March 19, 2008 11:05 AM  
Blogger dguzman said...

I was just happy to see someone speak plainly and powerfully to the American people, instead of mangling the language and talking bullshit like the current prezdint. I still have my doubts about his integrity, sincerity, and ability to do the job, but he's one hell of a speaker.

March 19, 2008 1:27 PM  
Anonymous Anonymous said...

A great speaker....of course,a bullshiter...I kinda think so.

March 19, 2008 2:26 PM  
Blogger an average patriot said...

I thought it was a very good speech but I heard Lou Dobbs and others say he did not address why he was there so long or confront the guy.
I would have walked right out just to cover my ass if for nothing else. It does not change my opinion of Obama but I know it will some along with the crap I keep hearing from Hillary.

March 19, 2008 4:26 PM  
Blogger Mike said...

I read the speech this morning and I thought he did a pretty good job. Of course I also think we have a ways to go, but at least it's a start.

March 19, 2008 8:55 PM  
Anonymous Joe the Troll said...

"when it was our ancestors who fought and died in the Union Army to free the slaves? "

Your ancestors, if they were in America at the time (you said "our ancestors" and that is not at all true for a lot of white people in America)fought in the Union (maybe) Army to prevent the southern states from seceding from the Union. Abolishing slavery was an afterthought designed to cripple the south financially and prevent them from rising again. There weren't enough John Browns in the north to fight a war with.

You sound much like the people who pretend that America didn't stay out of WWII until the last possible minute, and pretend that we invaded France only to save the French, and so they owe us something. Revising history to fit your argument proves nothing.

March 20, 2008 6:54 AM  
Blogger angry ballerina said...

@ Annie
Excellent choice of words my dear.

March 20, 2008 7:16 AM  
Blogger Dean Wormer said...

joe the troll-

Excellent trolling, sir!

I particulary enjoyed your revisionist take on the civil war. This part "Abolishing slavery was an afterthought designed to cripple the south financially and prevent them from rising again" was a bit boilerplate, but what are you going to do in a pinch?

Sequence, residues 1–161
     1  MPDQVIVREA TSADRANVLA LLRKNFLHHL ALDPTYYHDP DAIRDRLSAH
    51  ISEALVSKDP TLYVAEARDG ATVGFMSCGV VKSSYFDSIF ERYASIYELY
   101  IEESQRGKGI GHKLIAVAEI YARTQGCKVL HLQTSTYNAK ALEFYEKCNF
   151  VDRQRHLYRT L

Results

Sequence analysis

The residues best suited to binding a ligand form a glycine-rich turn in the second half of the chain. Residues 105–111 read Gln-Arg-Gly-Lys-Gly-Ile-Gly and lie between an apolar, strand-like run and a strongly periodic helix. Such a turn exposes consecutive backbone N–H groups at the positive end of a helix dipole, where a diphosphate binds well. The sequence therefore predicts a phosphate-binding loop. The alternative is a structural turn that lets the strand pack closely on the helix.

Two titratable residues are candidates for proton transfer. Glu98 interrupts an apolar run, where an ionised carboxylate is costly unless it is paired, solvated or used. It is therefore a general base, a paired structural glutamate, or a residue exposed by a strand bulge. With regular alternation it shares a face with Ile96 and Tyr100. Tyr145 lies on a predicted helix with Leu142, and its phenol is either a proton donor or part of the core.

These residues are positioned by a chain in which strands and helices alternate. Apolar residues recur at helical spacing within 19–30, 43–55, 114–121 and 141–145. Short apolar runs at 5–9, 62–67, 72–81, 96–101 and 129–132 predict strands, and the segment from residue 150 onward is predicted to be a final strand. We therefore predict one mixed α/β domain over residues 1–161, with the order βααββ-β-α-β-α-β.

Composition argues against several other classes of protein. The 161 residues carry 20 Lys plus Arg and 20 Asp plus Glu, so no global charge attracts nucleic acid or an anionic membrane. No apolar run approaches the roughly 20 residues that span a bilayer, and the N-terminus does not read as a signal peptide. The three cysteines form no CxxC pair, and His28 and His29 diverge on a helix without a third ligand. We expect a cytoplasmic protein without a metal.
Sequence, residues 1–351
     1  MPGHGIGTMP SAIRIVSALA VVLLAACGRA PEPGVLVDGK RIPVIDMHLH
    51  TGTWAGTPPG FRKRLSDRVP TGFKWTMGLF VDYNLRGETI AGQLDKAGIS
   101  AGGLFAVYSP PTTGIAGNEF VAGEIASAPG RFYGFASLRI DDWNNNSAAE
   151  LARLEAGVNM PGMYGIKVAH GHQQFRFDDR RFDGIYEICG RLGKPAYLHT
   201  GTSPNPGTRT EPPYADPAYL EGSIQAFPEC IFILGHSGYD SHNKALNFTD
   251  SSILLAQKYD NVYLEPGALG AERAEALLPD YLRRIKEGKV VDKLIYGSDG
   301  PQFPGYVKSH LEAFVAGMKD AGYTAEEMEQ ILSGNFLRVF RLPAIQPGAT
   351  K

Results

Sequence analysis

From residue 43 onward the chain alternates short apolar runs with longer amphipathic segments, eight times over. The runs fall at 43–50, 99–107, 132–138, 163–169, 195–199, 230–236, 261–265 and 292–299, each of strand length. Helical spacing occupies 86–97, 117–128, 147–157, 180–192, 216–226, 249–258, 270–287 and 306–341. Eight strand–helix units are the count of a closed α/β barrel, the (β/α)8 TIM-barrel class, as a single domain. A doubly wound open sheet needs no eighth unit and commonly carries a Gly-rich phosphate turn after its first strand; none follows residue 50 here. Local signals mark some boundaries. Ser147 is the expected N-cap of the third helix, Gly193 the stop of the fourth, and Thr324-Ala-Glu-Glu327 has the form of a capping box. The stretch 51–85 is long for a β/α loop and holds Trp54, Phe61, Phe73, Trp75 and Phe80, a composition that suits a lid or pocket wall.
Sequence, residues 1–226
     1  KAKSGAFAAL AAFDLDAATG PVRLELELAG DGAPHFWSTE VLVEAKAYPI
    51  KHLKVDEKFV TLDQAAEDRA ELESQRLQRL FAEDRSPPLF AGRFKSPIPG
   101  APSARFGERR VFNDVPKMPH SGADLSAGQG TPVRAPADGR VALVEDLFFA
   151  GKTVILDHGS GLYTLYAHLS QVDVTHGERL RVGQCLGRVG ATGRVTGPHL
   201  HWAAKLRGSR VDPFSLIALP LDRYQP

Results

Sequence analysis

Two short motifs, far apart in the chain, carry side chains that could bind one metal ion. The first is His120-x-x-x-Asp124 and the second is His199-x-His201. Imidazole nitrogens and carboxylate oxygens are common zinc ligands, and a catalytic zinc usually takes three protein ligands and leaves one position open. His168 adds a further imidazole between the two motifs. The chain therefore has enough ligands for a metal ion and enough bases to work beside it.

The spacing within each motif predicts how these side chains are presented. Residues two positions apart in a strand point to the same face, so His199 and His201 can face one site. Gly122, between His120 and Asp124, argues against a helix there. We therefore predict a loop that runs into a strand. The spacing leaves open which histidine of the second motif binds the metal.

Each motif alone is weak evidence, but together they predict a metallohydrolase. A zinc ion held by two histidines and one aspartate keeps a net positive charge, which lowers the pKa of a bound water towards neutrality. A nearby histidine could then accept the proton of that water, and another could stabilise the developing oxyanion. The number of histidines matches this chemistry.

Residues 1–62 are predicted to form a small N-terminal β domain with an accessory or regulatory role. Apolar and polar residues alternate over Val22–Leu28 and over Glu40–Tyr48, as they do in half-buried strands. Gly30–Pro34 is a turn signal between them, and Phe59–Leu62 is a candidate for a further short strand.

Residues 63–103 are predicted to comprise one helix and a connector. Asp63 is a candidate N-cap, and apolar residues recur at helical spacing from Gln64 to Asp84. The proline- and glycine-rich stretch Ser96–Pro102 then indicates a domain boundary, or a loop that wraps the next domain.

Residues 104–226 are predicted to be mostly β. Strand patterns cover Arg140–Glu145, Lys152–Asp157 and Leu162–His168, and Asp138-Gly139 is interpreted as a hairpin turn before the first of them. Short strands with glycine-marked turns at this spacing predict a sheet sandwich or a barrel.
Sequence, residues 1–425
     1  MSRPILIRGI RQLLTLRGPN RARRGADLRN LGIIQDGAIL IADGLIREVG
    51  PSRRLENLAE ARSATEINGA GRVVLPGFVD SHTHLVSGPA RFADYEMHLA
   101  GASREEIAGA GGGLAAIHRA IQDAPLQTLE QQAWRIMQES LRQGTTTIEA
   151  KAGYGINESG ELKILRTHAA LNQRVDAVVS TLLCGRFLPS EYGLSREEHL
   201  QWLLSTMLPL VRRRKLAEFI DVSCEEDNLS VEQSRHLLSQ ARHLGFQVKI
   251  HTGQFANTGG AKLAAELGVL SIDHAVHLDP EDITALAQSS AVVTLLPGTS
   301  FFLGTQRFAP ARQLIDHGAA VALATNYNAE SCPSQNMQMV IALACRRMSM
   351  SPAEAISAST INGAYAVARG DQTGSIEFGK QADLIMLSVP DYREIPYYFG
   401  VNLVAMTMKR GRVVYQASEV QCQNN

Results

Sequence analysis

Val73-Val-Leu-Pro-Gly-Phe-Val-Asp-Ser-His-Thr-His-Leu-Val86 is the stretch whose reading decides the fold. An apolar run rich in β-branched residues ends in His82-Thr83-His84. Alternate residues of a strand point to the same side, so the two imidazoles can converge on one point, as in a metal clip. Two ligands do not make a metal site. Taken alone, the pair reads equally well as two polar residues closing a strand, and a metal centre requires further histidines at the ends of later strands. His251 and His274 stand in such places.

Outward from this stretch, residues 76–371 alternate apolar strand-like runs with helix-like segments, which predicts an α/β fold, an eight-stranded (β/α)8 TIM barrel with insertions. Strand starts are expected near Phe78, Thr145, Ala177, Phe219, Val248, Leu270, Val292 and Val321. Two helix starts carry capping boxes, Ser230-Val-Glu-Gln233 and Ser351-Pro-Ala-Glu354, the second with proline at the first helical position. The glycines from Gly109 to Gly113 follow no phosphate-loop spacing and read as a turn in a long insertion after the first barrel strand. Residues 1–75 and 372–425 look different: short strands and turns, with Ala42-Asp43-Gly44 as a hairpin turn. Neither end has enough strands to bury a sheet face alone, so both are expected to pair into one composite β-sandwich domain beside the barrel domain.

Of course; those of us with more than a little familiarity with U.S. history who understand concepts like the Compromise of 1850, secession following the anti-slavery republican victory 1860 presidential election and the formal declarations of several of the seceding states identifying the threat to the institution of slavery as a central reason for the secession.

I suppose one could argue that the United States opposition to slavery in the states that led the rebellion was born more out of economic rather than moral foundation, but that hardly addresses the reality that slavery was and is an immoral institution regardless of their reasons for oppossing it.

But all of that would be predicated on the idea that your post wasn't meant to incite and you weren't trying to live up to your nickname.

Cheers!

Dean

March 20, 2008 9:10 AM  
Blogger Mauigirl said...

POP, I agree completely. I thought Obama did a great job of transcending the tit-for-tat racial divisiveness that has been playing out in the media and talk shows and between the candidates' surrogates.

The whole point of his speech was not to evade Wright's opinions but provide a depth of understanding to the American people about the black experience in America that let's face it, most white people have NO idea about. In an editorial I read today in our New Jersey paper, it pointed out that most black people understand very well what white people think, but white people are completely insulated from anything that black people think.

I do not feel he was throwing anybody under the bus, not Wright nor his grandmother. He is explaining that not everything is clear cut, and that there are nuances and complicated feelings on both sides.

I think this is something we've been seriously lacking with the current administration, and in our political discourse for the past decade. It's about time someone admitted nothing is easy and nothing is as simple as it seems.

And for that matter, why all the fuss about Wright - when hateful bigoted fundamentalists are supporting McCain and no one is making a fuss over them!

March 21, 2008 6:38 AM  
Blogger fairlane said...

I must say, anyone who claims the "North" is somehow free from the scars of racism is, a fucking Kool-Aid drinker.

Free labor in the South was hurting the industrial North.

From the fields, into the ghettos.

March 22, 2008 9:49 AM  
Blogger Dean Wormer said...

I must say, anyone who claims the "North" is somehow free from the scars of racism is, a fucking Kool-Aid drinker.

Absolutely. But where in this thread did anyone make that claim?

March 24, 2008 8:36 AM  
Blogger ZILLA said...

It was a brilliant speech. I missed it on TV so found it on YouTube and read along with the transcript.

Twice.

It was brilliant both times.

March 25, 2008 11:30 AM